Clément Jacques - Vossen, 2021, Ink & acrylic on paper, 21 x 29 cm
Clément Jacques - Vossen, C7-E7-G7, 2021, Ink & acrylic on paper, 21 x 29 cm (sold)
Clément Jacques - Vossen, 1B - 1G, 2021, Ink & acrylic on paper, 21 x 29 cm (sold)
Clément Jacques - Vossen, D1-E1-C1-H1, 2021, Ink & acrylic on paper, 21 x 29 cm (sold)
Clément Jacques-Vossen (1996) is a Belgian artist living and working in Brussels. His practice considers of small paintings (acrylic & ink) on paper, marouflé on wood. Those small formats are representing a fantasy world where kings, knights and legendary creatures are fighting for existence. They are in between drawing and painting. The battles or story’s that are depicting give a glimpse of the fantasy world that is living in the mind of the painter. Pink elephants are wiring city’s on there back, knights are fighting epic battles and roosters have lion’s feet. The paintings are made with intensive research about medieval manuscripts, 19th century images about history and contemporary culture. Al paintings start with this find image culture, facilitated by Instagram. Clément love history and contemporary fantasy (Lord of the Ring, Game of Thrones, ...), it’s why you will see historical figures and historical events melting together with contemporary culture. With a great knowledge of art history and history, he creates new images full of symbols. Every object and every piece of the composition have something to tell about the story. The stories are most of the time created in an unconscious mode and are left unexplained and open for interpretation.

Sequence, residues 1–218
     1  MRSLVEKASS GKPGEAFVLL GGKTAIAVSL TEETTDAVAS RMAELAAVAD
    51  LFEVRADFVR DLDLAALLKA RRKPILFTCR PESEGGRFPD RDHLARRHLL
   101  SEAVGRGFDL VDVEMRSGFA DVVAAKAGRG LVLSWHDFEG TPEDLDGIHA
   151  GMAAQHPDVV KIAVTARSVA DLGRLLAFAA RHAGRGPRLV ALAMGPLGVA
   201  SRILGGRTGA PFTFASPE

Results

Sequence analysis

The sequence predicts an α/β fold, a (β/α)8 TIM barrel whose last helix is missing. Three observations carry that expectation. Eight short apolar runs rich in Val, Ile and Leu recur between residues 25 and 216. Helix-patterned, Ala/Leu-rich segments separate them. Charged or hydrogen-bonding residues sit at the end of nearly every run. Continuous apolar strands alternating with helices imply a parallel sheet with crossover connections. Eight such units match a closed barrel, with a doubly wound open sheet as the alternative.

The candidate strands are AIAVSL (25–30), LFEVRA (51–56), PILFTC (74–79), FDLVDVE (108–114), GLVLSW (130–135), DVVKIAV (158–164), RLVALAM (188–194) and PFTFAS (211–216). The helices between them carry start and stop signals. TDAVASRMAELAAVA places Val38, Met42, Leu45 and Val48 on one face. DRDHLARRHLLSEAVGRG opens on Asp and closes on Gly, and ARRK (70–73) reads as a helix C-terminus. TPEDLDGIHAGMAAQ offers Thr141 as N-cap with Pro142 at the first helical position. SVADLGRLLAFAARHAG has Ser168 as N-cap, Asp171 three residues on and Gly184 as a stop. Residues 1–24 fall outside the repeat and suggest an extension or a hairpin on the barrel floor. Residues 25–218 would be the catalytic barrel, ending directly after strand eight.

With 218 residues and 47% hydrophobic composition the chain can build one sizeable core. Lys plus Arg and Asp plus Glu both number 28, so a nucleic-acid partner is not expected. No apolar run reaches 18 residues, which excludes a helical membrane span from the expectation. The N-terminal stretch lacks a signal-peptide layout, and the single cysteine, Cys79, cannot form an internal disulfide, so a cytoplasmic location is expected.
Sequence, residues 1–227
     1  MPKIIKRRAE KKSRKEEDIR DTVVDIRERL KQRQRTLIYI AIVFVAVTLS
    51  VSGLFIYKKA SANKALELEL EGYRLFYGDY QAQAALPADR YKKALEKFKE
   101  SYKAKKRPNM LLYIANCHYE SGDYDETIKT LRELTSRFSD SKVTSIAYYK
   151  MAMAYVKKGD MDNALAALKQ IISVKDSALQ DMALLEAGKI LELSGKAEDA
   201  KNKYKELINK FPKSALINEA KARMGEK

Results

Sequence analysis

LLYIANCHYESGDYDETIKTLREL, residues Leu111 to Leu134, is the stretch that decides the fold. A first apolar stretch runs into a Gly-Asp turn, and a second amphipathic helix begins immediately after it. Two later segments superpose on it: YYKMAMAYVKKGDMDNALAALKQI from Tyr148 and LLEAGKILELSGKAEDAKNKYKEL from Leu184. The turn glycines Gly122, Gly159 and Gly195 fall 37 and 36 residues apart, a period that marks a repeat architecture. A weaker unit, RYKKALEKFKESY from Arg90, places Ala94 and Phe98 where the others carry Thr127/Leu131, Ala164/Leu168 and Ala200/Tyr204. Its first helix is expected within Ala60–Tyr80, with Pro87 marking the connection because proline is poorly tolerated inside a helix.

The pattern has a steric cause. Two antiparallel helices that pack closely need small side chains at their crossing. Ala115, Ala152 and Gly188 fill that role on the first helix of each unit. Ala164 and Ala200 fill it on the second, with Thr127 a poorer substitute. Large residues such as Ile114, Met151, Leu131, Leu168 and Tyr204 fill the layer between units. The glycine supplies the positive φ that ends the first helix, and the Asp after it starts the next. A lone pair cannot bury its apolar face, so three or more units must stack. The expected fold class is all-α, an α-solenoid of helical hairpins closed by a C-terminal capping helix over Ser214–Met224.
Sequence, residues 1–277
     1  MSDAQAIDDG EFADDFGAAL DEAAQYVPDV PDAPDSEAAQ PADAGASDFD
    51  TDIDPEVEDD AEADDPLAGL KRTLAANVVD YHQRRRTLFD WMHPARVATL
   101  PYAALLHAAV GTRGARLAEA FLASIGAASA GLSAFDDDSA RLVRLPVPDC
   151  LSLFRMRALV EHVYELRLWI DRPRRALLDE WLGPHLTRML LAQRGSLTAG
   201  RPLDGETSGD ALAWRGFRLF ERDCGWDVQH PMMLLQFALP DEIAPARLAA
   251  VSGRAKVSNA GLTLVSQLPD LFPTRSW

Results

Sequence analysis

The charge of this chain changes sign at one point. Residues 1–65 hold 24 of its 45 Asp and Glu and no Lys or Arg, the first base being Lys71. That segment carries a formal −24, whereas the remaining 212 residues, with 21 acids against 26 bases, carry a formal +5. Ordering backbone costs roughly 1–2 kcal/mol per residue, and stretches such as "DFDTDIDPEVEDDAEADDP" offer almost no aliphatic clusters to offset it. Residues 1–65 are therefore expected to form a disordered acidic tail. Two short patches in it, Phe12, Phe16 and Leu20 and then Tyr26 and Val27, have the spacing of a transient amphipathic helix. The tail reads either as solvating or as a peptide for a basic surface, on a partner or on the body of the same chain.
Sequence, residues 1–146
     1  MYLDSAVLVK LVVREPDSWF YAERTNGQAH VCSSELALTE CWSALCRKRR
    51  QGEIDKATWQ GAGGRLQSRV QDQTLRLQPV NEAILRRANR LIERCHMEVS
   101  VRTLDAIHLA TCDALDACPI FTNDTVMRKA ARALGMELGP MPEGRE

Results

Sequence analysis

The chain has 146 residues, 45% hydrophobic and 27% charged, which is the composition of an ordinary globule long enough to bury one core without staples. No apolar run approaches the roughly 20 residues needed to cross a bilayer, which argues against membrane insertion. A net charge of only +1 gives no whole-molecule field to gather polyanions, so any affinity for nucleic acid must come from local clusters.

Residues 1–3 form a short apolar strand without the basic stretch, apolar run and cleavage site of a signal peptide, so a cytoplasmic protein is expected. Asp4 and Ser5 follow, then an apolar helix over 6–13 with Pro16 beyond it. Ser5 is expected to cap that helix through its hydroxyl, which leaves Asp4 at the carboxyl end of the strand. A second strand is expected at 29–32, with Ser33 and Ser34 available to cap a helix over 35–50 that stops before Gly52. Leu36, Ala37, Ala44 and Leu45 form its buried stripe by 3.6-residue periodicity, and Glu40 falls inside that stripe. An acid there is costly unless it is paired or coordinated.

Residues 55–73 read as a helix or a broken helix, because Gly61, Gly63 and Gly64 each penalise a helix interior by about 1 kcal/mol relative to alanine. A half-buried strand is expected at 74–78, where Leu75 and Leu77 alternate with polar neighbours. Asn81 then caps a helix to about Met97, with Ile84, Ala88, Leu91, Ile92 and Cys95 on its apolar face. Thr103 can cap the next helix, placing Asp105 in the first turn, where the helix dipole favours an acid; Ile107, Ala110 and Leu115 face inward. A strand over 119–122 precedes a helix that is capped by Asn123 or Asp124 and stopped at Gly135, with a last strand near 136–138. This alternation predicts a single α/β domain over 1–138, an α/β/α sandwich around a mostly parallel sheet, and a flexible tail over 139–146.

The second part of the work of Clément Jacques-Vossen, consist of large paintings in black and white. Those paintings consist of knights in full armor. The image of the knight is something that’s goes back to the childhood of the painter. As a child he played allot with figurines, Playmobiles and dress himself as a knight. But growing up and losing his naivety, he discovered the truth behind the man in armor. They where not nice guys making beautiful and happy battles, where the enemy was obvious. No, the truth is they were killing machines, fully equip for war. Nonetheless, they kept his interest. Now they became a kind of self-reflection about himself and the world around him. It’s not clear if they are self-portraits or helpless protectors against time and life.
Part of the online exhibition:
'Rien Ne Va Plus'
with Ludovic Beillard, Marlies De Clerck, Eric Giraudet de Boudemange, Gerard Herman, Clément Jacques-Vossen, Julien Saudubray, Viager & Kyveli Zoi
November 14 - December 23, 2021